Shares of Apple (AAPL) - Get Report fell on Tuesday following a report from analysts at Goldman Sachs that the technology giant still doesn’t appear to have enough sales and earnings momentum to justify the stock’s current valuation, especially relative to other tech giants like Amazon (AMZN) - Get Report and Microsoft (MSFT) - Get Report.
In a note to clients, Goldman analyst Rod Hall wrote that the company’s growth rates “aren’t consistent with the narrative that has driven the stock to its highest premium vs. the S&P 500 since 2011,” and that other tech giants like Amazon and Microsoft “are delivering the numbers and yet are valued at about the same multiple as Apple.”
“The iPhone is a very tough act to follow,” and Apple’s services and wearables businesses are “not likely to be large enough to return the company to growth,” Hall said, adding that while the company and his team “are not permanent bears” on the stock, “we simply would like to see a consistent string of beat and raise quarters from Apple that match the growth narrative.”
Goldman downgraded Apple to sell in April and currently has a one-year price target of $80 on the stock, something Hall noted “would be an understatement to say that this call hasn’t worked.” Apple stock has gained more than 70% since April on the back of stronger-than-expected sales and earnings, and more recently a 4-for-1 stock split.
Indeed, Apple had its third worst week in the market since the sharp March 2020 correction, down 3%, as the Nasdaq 100 underwent a sharp (and rare) pullback off its all-time highs, Apple Maven Daniel Martins wrote on Friday, though noted the drop "could have been much worse."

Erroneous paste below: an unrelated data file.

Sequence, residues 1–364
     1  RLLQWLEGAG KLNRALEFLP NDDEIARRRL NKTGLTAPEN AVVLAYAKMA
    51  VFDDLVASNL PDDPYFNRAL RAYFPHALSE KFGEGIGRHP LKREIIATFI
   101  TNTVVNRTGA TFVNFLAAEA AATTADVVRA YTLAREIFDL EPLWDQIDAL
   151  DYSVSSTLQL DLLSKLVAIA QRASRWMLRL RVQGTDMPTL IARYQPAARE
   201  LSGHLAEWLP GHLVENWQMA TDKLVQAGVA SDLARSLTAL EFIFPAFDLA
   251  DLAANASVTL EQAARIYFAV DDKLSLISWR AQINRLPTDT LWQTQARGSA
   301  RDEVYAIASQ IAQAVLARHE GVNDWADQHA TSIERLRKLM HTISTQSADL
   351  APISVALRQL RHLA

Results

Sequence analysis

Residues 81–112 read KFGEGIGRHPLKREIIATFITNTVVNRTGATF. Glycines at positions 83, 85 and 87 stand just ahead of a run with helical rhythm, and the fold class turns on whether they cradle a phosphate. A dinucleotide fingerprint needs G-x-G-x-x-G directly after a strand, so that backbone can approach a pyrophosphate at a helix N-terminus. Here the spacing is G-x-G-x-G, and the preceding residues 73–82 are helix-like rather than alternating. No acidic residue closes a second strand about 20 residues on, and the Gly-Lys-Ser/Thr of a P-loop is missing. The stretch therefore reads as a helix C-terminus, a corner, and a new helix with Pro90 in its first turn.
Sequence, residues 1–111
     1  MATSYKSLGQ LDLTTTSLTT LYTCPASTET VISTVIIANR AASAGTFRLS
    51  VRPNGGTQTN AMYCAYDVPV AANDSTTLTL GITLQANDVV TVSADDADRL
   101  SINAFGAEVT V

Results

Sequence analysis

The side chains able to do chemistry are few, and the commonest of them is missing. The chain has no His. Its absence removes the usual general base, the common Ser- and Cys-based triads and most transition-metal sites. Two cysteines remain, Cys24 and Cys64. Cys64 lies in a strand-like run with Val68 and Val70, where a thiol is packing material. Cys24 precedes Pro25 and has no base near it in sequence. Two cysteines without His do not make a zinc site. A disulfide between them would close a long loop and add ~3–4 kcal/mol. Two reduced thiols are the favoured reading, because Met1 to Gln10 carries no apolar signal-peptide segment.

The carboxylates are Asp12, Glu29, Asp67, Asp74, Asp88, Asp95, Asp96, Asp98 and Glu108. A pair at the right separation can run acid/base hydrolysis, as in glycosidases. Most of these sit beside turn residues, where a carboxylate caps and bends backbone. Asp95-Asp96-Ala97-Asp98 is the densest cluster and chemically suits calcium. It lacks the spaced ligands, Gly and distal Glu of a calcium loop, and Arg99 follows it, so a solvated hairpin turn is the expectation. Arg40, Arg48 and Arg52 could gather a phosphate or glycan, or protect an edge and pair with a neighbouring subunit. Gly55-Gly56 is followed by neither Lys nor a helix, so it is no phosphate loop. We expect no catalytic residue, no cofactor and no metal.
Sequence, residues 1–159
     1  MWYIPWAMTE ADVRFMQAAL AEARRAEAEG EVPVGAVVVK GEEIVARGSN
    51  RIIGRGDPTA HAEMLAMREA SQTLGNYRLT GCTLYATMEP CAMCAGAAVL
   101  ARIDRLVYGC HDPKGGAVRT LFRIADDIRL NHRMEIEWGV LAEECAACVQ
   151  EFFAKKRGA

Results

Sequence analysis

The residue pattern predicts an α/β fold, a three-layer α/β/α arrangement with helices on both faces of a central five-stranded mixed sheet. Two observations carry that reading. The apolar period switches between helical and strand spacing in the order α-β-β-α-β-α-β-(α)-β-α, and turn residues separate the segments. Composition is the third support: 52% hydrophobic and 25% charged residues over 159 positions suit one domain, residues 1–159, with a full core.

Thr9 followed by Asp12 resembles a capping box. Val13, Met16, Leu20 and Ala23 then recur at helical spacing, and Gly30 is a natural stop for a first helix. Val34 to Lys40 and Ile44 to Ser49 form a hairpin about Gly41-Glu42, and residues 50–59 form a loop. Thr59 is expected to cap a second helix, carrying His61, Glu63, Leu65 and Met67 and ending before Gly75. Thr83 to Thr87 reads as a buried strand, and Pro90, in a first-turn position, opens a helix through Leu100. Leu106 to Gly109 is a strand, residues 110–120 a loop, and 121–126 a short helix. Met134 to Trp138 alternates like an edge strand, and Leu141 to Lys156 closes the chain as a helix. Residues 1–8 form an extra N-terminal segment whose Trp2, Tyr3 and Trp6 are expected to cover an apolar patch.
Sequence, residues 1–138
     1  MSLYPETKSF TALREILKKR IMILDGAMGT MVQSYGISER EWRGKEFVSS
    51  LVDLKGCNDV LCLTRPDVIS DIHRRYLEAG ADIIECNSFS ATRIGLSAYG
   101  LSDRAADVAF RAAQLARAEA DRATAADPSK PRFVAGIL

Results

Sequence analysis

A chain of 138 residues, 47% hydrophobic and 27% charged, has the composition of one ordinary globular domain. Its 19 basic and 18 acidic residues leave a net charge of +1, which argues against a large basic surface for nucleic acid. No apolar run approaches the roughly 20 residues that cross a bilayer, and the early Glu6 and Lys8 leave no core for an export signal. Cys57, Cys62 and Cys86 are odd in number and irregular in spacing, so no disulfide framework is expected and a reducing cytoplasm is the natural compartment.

Meantime, the company is still struggling with Covid-19-related manufacturing and supply-chain disruptions that now point to a mid-September rollout of its new range of 5G-enabled iPhones.
Nikkei Asia Review reported on Tuesday that mass production of the company’s newest lineup of iPhones is expected to begin ramping up in mid-September and into early October. Production was anticipated to begin at the end of August.
The company is expected to produce around 75 million iPhones this year, short of the 80 million phones for which it ordered components, sources told the newspaper. The remainder of Apple's planned production could be pushed into early 2021, Nikkei said.
Despite the potential coronavirus-linked delays, Apple confirmed on Tuesday that it will hold its annual Apple Event on Sept. 15, where it will unveil its new 5G-compliant iPhones as well as other products and services, including additional details of its iOS 14 operating system.
Shares of Apple were down 3.89% at $116.29 in trading on Tuesday.